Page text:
"For years, Aimee Chavira suffered sexual abuse in a Dublin, Calif., federal prison by the officers responsible for protecting her.
Now, thanks to a program known as compassionate release, she is free. And her freedom could help pave a similar path for other people who experienced physical or sexual assault behind bars.
'We are very hopeful that this can lead to more women who were abused at Dublin getting out,' said Erica Zunkel, Chavira's lawyer.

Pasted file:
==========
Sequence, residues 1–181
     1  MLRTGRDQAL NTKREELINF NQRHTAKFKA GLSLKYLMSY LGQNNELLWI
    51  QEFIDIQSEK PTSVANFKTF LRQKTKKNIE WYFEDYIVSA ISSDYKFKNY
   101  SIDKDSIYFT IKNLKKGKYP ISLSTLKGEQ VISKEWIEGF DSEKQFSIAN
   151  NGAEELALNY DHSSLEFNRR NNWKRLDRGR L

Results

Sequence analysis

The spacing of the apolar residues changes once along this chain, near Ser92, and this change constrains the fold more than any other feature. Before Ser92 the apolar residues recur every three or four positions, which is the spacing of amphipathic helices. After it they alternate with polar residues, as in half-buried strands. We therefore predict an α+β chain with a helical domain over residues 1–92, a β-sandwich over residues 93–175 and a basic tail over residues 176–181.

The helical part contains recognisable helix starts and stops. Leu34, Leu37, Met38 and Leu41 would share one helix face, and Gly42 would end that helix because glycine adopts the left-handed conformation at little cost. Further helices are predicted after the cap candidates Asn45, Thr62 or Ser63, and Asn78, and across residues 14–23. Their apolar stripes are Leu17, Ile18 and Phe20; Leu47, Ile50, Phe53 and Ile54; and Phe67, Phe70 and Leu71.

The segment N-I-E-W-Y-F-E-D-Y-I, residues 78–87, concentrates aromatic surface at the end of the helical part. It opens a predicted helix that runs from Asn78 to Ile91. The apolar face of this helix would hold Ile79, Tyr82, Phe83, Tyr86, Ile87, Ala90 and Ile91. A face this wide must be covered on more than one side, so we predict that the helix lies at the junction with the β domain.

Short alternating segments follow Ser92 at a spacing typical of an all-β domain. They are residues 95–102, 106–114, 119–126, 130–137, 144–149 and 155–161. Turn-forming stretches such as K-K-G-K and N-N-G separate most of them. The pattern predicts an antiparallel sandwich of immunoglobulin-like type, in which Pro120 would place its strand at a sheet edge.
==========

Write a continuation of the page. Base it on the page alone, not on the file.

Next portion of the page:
Chavira, 44, has been home for less than two weeks after learning her request for compassionate release had been granted by a federal judge. Those petitions allow people in prison the chance to convince a court they should be freed because of extraordinary and compelling circumstances.
Typically, those cases involve terminal illness or other dire medical conditions. In April, the U.S. Sentencing Commission, a federal body that sets advisory guidelines, voted to expand the bases for compassionate release to include sexual and physical assault by prison workers."